The Economist

The recent mobilization orders in Russia have sparked another round of furious debate, this time over the rising numbers of Russians fleeing the country to avoid being drafted. European countries bordering Russia have rushed to close their borders and prevent their entry. As many, including the article above, pointed out, a blanket ban against Russian citizens is against Schengen rules and violates the right to asylum, has little strategic justification, and fuels Putin’s narrative that the West is targeting Russians as a whole, rather than Putin’s regime specifically.

07 October 2022

The Spectator World: “Are sanctions against Russia actually working?”

Sanctions, however, shouldn’t be judged solely on the amount of damage they do a targeted economy. The principal objective of economic pressure isn’t to punish a nation for atrocious behavior, bankrupt a country’s finances, or register disapproval about an adversary’s foreign policy — it’s to push a country’s political leadership into changing its behavior in a more positive direction. In the case of Russia, this means compelling Putin to end his aggression in Ukraine, either by withdrawing his forces from the country or entering into serious peace negotiations with Kyiv.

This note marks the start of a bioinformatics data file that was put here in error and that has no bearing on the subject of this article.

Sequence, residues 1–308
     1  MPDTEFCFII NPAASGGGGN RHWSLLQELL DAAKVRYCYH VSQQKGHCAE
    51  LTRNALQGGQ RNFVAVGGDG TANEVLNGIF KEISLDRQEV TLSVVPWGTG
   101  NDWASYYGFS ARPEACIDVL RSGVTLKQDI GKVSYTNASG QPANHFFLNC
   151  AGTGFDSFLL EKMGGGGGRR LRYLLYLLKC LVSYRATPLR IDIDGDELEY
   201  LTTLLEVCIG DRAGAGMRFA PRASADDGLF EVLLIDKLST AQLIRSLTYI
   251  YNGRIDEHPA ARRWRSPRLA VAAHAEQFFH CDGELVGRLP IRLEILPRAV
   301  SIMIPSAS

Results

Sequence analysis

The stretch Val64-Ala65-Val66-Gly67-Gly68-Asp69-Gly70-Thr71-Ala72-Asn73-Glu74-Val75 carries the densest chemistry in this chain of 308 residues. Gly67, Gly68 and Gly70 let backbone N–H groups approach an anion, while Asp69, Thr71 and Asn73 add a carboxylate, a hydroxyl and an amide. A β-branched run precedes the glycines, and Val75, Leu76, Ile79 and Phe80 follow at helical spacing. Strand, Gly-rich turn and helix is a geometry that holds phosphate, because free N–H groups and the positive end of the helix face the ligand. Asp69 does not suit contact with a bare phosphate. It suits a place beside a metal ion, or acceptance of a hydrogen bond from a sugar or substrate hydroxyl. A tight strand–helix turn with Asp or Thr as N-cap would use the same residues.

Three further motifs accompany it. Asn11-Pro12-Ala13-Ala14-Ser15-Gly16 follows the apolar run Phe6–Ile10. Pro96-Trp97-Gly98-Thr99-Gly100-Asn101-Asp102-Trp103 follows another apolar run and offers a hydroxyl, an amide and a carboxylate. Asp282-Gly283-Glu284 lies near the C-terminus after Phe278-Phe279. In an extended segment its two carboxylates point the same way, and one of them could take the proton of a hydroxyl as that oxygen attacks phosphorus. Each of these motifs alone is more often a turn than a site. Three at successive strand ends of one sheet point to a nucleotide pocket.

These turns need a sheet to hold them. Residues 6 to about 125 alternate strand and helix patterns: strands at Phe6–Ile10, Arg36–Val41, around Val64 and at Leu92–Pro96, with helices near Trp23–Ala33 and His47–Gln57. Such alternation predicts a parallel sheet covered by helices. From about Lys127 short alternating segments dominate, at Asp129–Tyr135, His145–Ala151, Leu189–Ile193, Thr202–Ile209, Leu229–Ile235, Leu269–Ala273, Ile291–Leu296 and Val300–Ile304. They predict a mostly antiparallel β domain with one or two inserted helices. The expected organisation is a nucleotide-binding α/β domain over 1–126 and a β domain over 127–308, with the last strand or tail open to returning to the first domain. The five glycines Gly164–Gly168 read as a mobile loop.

Needless to say, neither of those objectives have been accomplished — and it’s increasingly difficult to envision Putin simply throwing up his hands and suing for peace, particularly at the hands of Western economic pressure. Indeed, Putin appears to be as committed to his military and political objectives in Ukraine today as he was when he ordered the invasion last winter. Putin, at least as of this writing, appears to have made the calculation that succeeding in a war of choice (or at least not failing) that is now inextricably tied to his personal legacy is worth enduring long-term structural weaknesses in the Russian economy.

Daniel DePetris

A slightly older piece, but the central argument remains valid. Since then, Putin has demonstrated his commitment to sustained war by calling for a partial mobilization, running referenda to incorporate four occupied regions of Ukraine, and making renewed threats to use nuclear weapons to defend this new ‘Russian’ territory. None of this signals a willingness to back down or accept diplomatic talks. The rapid advancement of Ukrainian troops in the occupied territories should change Putin’s calculus somewhat – but for the moment it has only let to more hardening of his position.